Banks have continued to pump trillions of dollars into underwriting the global fossil fuel industry since the Paris Agreement in 2015, revealing an “alarming disconnect” between the scientific consensus on climate change and the broadly business-as-usual path being travelled by the international finance sector, a new report has concluded.

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According to research led by US environmental lobbyist the Rainforest Action Network (RAN), banks have invested $3.8trn in the oil, gas and coal sectors in the last five years, a level higher in 2020 than 2016, “a trend that stands in direct opposition to the [Paris] Agreement’s stated goal of rapidly reducing carbon emissions with the aim to limit global temperature rise to 1.5°C”, said the authors.

The report, Banking on Climate Chaos, highlights that even in pandemic-spurred recession that led to an “across-the-board” cut of fossil fuel financing of some 9%, the world’s 60 largest banks increased financing to the 100 companies “most responsible for fossil fuel expansion” by over 10%.

“These banks have poured nearly $1.5trn over the past five years into 100 top companies expanding fossil fuels. This includes companies behind highly controversial projects like the Line 3 tar sands oil pipeline and the expansion of fracking on the land of Indigenous Mapuche communities in Argentina’s Patagonia region,” said the authors of the report, which was published by RAN with bodies including BankTrack, Indigenous Environmental Network, Oil Change International, Reclaim Finance and Sierra Club.

US-based banks were spotlighted as the “largest global drivers of emissions” in 2020, with JPMorgan named-and-shamed as the “world’s worst” fossil-supporting financial institution, having committed to align with the Paris Agreement but, according to the RAN report, continuing an “essentially unrestrained financing of fossil fuel”, underwriting $317bn in projects over the last five years, 33% more than Citi, which was second worst.

The report noted that Wells Fargo’s total fossil financing dropped 42% last year, moving the bank from fourth-worst in 2019 to ninth worst, and BNP Paribas’ 41% rise year-on-year to providing $41bn in finance to fossils, “the biggest absolute increase” in its survey, despite the bank’s “strong policy commitments restricting financing for unconventional oil and gas”.

RAN executive director Ginger Cassady said: “The unprecedented Covid-19 dip in global financing for fossil fuels offers the world’s largest banks a stark choice point going forward; they can decide to lock in the downward trajectory of support for the primary industry driving the climate crisis or they can recklessly snap back to business as usual as the economy recovers.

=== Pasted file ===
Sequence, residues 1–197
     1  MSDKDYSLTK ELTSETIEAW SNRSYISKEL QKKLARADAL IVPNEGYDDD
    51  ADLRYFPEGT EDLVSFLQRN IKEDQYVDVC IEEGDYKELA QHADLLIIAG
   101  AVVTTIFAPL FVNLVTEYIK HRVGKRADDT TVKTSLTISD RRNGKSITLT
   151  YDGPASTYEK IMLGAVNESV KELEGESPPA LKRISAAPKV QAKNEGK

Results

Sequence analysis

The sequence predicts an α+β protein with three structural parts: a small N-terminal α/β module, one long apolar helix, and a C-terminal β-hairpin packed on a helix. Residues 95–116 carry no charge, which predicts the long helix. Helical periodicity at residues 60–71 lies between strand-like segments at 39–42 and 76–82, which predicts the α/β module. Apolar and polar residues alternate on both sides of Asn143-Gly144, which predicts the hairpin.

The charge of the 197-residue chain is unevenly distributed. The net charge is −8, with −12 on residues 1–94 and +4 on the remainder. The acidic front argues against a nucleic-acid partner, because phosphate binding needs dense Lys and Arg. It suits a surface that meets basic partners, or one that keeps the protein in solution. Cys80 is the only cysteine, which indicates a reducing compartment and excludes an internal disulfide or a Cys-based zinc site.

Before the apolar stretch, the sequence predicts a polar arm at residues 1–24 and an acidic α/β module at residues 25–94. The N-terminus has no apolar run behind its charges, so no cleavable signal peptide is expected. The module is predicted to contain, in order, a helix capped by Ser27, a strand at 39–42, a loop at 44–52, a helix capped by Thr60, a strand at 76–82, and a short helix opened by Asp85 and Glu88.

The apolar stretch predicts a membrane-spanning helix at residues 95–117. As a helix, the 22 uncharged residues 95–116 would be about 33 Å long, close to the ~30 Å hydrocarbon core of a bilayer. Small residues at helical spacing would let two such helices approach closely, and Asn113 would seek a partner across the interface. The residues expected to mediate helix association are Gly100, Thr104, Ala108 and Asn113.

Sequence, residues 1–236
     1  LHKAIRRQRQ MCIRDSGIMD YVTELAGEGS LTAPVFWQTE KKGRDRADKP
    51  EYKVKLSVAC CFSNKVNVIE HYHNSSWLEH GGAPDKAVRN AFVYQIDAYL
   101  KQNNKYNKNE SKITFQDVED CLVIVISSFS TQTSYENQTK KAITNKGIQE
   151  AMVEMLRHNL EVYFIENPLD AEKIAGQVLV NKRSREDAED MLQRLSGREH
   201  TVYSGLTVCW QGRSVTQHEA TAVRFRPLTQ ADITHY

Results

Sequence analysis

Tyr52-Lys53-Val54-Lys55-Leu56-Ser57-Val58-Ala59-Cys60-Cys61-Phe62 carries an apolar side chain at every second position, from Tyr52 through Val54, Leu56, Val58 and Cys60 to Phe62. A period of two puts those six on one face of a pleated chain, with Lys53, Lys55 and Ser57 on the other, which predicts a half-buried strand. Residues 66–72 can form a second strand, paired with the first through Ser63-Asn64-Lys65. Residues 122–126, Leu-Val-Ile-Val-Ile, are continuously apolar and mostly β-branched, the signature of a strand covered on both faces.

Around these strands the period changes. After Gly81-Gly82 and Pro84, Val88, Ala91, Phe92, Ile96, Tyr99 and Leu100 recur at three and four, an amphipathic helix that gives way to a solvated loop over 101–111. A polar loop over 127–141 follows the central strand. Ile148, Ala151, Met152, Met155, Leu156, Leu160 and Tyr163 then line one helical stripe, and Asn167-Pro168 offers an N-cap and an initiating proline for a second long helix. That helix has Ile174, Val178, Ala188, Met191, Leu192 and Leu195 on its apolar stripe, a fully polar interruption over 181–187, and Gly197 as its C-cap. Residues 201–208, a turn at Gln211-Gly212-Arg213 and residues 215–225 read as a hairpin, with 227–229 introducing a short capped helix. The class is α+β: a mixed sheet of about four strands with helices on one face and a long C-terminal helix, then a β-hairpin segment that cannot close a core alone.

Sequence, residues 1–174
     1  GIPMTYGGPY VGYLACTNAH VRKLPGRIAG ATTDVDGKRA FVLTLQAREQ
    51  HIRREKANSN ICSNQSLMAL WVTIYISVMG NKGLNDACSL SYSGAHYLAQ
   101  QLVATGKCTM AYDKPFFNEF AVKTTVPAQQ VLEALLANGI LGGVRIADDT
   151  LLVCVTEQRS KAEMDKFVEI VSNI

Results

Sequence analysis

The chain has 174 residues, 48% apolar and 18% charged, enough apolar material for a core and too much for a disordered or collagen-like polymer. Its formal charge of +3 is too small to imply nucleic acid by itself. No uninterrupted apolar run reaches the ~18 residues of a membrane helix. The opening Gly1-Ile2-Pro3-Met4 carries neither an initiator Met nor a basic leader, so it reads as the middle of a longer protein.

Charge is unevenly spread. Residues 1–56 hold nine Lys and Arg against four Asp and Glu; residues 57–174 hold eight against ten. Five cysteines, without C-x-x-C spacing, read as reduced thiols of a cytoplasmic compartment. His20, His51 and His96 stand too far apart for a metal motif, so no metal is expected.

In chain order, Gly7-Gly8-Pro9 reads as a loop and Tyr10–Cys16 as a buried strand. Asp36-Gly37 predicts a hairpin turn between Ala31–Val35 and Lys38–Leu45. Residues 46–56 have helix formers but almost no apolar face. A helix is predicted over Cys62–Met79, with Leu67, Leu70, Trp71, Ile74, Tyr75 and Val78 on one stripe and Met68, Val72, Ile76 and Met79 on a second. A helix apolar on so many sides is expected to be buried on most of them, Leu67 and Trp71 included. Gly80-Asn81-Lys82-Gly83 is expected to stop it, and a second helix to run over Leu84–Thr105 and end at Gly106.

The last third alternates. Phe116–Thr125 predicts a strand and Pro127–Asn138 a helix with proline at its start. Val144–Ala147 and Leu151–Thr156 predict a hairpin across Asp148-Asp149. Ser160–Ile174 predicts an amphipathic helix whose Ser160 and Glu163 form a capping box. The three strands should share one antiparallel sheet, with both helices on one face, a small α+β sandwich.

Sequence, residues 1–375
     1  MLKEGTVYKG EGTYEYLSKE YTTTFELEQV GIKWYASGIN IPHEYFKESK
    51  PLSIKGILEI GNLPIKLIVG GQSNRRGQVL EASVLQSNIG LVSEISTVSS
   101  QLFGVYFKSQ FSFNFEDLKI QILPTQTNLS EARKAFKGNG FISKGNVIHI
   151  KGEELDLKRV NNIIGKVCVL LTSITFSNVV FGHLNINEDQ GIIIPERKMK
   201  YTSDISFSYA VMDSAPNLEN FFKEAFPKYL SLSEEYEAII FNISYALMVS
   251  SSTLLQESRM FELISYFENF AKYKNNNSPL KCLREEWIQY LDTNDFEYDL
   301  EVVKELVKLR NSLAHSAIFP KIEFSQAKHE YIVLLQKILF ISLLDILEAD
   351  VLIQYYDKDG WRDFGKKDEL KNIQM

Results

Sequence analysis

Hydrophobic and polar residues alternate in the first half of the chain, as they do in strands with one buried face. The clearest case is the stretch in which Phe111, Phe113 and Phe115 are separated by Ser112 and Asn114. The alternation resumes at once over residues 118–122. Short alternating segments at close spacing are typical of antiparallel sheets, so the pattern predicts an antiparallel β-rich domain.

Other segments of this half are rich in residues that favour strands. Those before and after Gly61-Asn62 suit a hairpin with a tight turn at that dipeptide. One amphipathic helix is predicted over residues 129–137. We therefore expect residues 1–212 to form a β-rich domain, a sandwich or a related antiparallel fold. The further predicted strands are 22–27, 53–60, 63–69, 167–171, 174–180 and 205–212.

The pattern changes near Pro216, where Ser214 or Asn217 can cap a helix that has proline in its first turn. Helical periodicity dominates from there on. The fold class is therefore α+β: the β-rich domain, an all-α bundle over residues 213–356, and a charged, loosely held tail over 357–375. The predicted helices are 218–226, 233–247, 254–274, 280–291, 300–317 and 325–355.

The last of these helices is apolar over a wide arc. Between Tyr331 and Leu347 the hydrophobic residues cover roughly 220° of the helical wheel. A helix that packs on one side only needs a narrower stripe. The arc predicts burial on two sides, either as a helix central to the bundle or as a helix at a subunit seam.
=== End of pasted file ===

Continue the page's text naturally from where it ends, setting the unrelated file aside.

“US-based banks continue to be the worst financiers of fossil fuels by a wide margin. Going into the Glasgow [COP26] climate summit at the end of the year, the stakes could not be higher. Wall Street must act now to stop financing fossil expansion and commit to fossil zero.”

The report ran the rule over existing global climate policy commitments by banks and found them “grossly insufficient and out of alignment” with the Paris Agreement due to being based on “distant and ill-defined goal of achieving ‘net zero by 2050’ or on restricting financing for unconventional fossil fuels”.

Reclaim Finance executive director Lucie Pinson said: “These numbers expose the hollowness of banks’ ever-multiplying commitments to be net-zero or align with the Paris Agreement climate targets.

“BNP Paribas merits singling out as the world’s fourth-largest fossil financier in 2020, having funnelled multi-billion-dollar loans to oil giants like BP and Total. Nonetheless, it’s clear that all banks need to replace empty promises with meaningful policies enacting zero tolerance for fossil fuel developers.”

Sierra Club financial advocacy campaign manager Ben Cushing stated: “Many of the world’s largest banks, including all six major US banks, have made splashy commitments in recent months to zero-out the climate impact of their financing over the next 30 years.

“But what matters most is what they’re doing now, and the numbers don’t lie. This report separates words from actions, and the picture it paints is alarming: major banks around the world, led by US banks in particular, are fuelling climate chaos by dumping trillions of dollars into the fossil fuels that are causing the crisis.

“Big banks don’t deserve a pat on the back if their 2050 pledges are not paired with meaningful 2021 actions to cut fossil financing.”